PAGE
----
Flipped classroom learning — replacing live classroom lectures with courseware or recorded content, and then using the live classroom sessions and social and collaborative tools to supplement, enhance, and reinforce the learning experience — has the potential to increase learning effectiveness, lower operational costs, and attain better retention and more effective application of the learning. The model has created tremendous buzz in the education community and has shown promising results, but is it viable for business learning?
We believe that effective use of the flipped learning model has the potential to transform business learning by reducing operational costs, engaging learners more effectively, and improving learning outcomes. In the flipped learning model, learners can absorb learning content at their own pace and collaborate with instructors, subject matter experts, and other learners to explore, expand, and reinforce the learning experience. And by dedicated live classroom time to mastering what is being learned rather than lecturing on the content, instructors can provide individualized assistance to those learners who may be struggling.
In this session, we will examine the barriers organizations may encounter when employing the flipped classroom model. Technology, process, and culture all come into play when we apply the flipped model and there are specific use cases and learning outcomes that justify the time, effort, and resources we must dedicate in order to get maximum value from the flipped model.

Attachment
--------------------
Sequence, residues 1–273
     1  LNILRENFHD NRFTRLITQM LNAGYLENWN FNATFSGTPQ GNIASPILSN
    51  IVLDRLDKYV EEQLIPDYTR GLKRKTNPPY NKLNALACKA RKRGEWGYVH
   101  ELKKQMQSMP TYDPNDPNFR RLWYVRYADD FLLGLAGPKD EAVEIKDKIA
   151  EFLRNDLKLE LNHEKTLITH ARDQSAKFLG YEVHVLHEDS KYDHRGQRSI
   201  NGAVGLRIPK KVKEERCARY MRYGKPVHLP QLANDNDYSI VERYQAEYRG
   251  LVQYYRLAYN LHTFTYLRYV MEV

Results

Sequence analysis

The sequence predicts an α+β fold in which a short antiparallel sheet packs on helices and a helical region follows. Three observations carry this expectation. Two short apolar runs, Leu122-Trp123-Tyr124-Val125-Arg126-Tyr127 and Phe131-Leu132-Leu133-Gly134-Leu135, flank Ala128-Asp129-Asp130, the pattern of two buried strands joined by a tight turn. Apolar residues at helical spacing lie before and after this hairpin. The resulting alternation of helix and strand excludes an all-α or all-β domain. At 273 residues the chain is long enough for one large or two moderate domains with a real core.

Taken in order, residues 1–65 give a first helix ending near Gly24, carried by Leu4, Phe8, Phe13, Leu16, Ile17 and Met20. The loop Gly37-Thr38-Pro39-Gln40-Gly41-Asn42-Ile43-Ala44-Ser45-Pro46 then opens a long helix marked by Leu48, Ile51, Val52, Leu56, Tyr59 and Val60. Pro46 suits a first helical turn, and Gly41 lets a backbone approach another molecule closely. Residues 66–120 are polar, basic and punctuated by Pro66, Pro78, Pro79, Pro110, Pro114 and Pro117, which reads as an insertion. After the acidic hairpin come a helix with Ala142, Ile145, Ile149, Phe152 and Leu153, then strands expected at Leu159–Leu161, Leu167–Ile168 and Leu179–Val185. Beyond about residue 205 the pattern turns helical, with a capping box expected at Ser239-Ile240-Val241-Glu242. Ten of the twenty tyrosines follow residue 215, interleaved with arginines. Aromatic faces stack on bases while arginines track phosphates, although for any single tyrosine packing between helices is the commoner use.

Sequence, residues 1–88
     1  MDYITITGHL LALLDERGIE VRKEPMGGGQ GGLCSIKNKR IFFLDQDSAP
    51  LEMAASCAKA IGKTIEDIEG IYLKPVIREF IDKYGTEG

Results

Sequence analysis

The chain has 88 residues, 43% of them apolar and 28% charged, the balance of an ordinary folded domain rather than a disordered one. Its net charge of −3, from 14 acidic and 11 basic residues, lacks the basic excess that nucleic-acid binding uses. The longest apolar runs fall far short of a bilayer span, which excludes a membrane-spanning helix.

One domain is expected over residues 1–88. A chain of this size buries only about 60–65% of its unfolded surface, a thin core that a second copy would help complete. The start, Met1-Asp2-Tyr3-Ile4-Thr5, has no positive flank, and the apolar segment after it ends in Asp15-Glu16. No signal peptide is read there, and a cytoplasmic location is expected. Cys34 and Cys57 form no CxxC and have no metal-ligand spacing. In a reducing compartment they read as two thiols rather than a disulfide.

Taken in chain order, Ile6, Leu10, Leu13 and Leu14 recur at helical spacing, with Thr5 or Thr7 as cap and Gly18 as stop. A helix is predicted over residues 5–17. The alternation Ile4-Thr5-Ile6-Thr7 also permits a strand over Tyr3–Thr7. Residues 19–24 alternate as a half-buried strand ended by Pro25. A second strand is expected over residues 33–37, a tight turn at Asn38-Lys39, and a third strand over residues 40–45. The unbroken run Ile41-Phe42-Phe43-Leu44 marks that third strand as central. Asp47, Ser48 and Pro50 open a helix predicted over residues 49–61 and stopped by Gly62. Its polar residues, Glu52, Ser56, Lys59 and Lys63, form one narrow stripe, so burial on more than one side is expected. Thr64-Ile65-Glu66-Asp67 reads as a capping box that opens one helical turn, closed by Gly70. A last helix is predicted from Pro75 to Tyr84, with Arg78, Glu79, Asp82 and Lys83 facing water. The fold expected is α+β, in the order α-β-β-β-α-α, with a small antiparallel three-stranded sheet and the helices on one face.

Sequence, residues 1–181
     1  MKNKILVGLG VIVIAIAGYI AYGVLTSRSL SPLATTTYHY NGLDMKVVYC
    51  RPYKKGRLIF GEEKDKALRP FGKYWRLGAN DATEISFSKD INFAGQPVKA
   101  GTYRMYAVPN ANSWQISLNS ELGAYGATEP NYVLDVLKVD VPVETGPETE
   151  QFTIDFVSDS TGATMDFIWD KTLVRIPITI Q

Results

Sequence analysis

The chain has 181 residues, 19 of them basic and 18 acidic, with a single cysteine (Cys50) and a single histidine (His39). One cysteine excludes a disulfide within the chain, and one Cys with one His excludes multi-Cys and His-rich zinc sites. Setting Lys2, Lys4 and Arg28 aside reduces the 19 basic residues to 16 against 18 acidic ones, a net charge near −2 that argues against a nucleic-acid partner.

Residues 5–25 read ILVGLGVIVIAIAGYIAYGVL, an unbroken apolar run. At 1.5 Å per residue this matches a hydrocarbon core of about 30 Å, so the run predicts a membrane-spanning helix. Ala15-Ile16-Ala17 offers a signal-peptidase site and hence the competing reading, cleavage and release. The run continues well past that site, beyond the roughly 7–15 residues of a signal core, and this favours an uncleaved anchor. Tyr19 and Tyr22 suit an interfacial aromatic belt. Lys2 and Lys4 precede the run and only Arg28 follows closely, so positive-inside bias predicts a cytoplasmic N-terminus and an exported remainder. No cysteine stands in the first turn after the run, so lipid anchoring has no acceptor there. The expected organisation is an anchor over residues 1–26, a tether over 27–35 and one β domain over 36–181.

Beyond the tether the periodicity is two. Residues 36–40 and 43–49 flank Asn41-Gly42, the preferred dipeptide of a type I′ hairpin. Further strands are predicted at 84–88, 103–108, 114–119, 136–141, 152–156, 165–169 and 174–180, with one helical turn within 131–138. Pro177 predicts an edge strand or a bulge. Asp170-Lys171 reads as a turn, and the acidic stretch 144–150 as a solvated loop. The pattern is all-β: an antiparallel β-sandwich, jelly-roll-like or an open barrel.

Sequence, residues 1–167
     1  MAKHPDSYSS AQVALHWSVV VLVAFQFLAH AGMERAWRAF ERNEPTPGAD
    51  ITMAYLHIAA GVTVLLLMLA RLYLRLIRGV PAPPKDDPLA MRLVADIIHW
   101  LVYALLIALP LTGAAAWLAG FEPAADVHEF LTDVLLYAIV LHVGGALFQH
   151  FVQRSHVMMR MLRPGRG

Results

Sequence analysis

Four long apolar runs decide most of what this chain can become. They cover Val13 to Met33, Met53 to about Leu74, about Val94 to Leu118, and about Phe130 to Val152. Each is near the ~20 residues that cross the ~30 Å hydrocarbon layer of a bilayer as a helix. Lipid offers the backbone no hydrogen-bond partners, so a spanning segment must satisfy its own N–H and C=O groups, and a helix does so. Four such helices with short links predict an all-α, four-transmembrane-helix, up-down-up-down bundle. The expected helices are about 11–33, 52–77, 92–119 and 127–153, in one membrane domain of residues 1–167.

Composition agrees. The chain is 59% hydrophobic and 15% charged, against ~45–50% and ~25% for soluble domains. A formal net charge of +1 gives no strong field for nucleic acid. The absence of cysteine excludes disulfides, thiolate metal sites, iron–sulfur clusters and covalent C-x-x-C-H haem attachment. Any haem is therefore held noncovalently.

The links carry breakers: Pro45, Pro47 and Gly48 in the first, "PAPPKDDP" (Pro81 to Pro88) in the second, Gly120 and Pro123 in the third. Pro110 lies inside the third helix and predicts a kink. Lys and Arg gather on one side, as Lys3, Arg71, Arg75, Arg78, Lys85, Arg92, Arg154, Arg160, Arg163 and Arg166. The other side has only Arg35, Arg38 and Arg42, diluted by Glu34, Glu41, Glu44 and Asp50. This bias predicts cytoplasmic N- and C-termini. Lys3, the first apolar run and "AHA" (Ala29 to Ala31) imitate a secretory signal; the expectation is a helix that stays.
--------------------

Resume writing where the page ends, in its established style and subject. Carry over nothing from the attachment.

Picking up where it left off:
As we explore the use of this approach in the business learning environment, we will define the flipped classroom model and contrast it to the traditional classroom model, discuss how and when to implement it, look at the technology tools you can use to create a virtual flipped classroom environment, and hear case studies of businesses that are now delivering learning using the flipped model. Finally, you will have an opportunity to join us in a social, collaborative workspace that we have developed to share content and resources and learn from each other as we explore how to employ the flipped classroom model in our own organizations.